## September 13, 2006

### Real World Physics Problems

Inspired by Rightwingprof's post on real world business problems that aspiring business majors need to know how to do, I'm going to give you a simple example of a real world phsyics problem that an aspiring science/engineering major will be expected to do. Actually, it's not real world, it's a greatly simplified real world problem -- real world problems are much more difficult:
The positions of a particle and a thin (treat it as being as thin as a line) rocket of length 0.280 m are specified by means of Cartesian coordinates. At time 0 the particle is at the origin and is moving on a horizontal surface at 23.0 m/s at 51.0°. It has a constant acceleration of 2.43 m/s2 in the +y direction. At time 0 the rocket is at rest and it extends from (−.280 m, 50.0 m) to (0, 50.0 m), but, it has a constant acceleration in the +x direction. What must the acceleration of the rocket be in order for the particle to hit the rocket?

You only need one physics equation to solve this problem: The distance formula.

The formula to determine the distance traveled by a moving object during a given time is:

distance = initial distance + initial velocity x time + 0.5 x acceleration x time2

Can you solve the problem?

All you need to solve the problem is the above formula and the math you should have learned in high school.

Let me give you a hint: The particle will collide with the nose of the rocket when it reaches the height (50.0 m) of the rocket since the rocket is flying level. How far along the x axis is the rocket at that point and how long did it take to get there? What is the acceleration at this time. What if the rocket hit the tail of teh rocket instead. What is the rocket's acceleration now.

Now you know the steps to solve the problem. Now get to it.

Can't do it? Let me make it easier for you by telling you every step of the solution.

1. Decompose the velocity of the particle into its x and y components. You need to know simple trigonometry and algebra to do this. Here's another hint: The sine of an angle equals the opposite side divided by the hypoteneuse. The cosine of an angle equals the adjacent side divided by the hypoteneuse.

2. Now use the distance formula and determine how long it will take for the particle to reach the height of the rocket. You'll need to know how to solve a quadratic equation to do this.

3. Now determine how far along the ground the particle will be when it reaches the height of the rocket.

4. Using the distance formula again determine the acceleration of the rocket if the particle were to strike the nose. This step requires simple algebra to solve.

5. Using the distance formula again determine the acceleration of the rocket if the particle were to strike the tail. This step requires simple algebra to solve.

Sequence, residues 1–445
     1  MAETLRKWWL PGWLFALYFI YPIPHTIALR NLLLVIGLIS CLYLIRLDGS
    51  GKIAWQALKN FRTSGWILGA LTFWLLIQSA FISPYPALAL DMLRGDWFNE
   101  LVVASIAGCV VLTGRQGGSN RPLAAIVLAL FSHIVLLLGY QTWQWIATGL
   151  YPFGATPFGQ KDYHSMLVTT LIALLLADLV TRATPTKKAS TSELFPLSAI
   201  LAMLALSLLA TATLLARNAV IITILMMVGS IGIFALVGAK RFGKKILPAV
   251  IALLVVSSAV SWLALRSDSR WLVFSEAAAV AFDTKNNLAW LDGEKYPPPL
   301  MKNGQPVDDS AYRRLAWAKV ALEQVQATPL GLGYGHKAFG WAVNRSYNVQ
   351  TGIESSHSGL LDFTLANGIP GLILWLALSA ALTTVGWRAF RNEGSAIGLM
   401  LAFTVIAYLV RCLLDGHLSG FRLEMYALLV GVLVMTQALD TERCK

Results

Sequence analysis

6. The answer is that the acceleration of the rocket must be between the aceleration of the nose and the acceleration of the tail when the particle strikes the rocket or else it misses.

Ok, I've set-up the problem for you. I've conceptualized the problem for you. I've given you the physics. All you need to do is to use your high school math to solve.

Go ahead give it a whirl. It's still not an easy problem to solve is it? Especially if your algebra and/or trig skills are rusty. Try guessing and checking your way to the solution. I dare you to try.

If you're uncertain how to calculate an arcsine, how distracted do you think you'll be having to shift gears and ponder that while the physics problem is waiting to be solved. Or, maybe you are a real smartie and know how to derive an arcsine from first principles, go ahead work it out. The physics problem will still be waiting when you're done. Gee, I bet that was distracting.

Now we get to the quadratic equation. Remember how to solve one of those off the top of your head? That means you have to derive it yourself or go look it up. The physics problem is getting impatient now. Do you even remember where you were in the solution. What's the next step? What are you trying to solve anyway using the quadratic formula? What do you do with the extra solution you get when you finally solve the quadratic equation? Now all you have to do is use the distance formula to solve for three different variables. To do that you'll need to know how to manipulate algebraic expressions with some skill. Are you confused. Does your brain hurt yet?

This is a simple college level physics problem the likes of which is going to confront every aspiring science and engineering student in their first year of undergrad. It gets a lot tougher than this real quick.

This is one of the first gatekeepers students will meet. Most will not get through the gate. Most will not get through the gate because they did not have the domain knowledge in math to enable them to quickly solve the hundreds of physics problems they'll need to solve in order to acquire the domain knowledge in phsyics in order to pass their Physics course.

Once students have the physics domain knowledge, solving problems like this is simple and requires little cognitive ability. What seems like an insurmountable problem to the novice, requiring enormous cognitive effort, turns out to be a simple problem for the expert. One that can be easily broken down into simple steps that can be solved using one formula and some high school math.

Here's another real world question. Can you determine whether a student scoring at the advanced level of the 11th grade NAEP or any NCLB state exam knows the math necessary to do my real-world physics problem.

Answer: No. There is nothing on either the NAEP or any state exam even remotely approaching the difficulty level of math needed to do the problem. Less than 10% of students perform at the advanced NAEP level.

#### 1 comment: Anonymous said...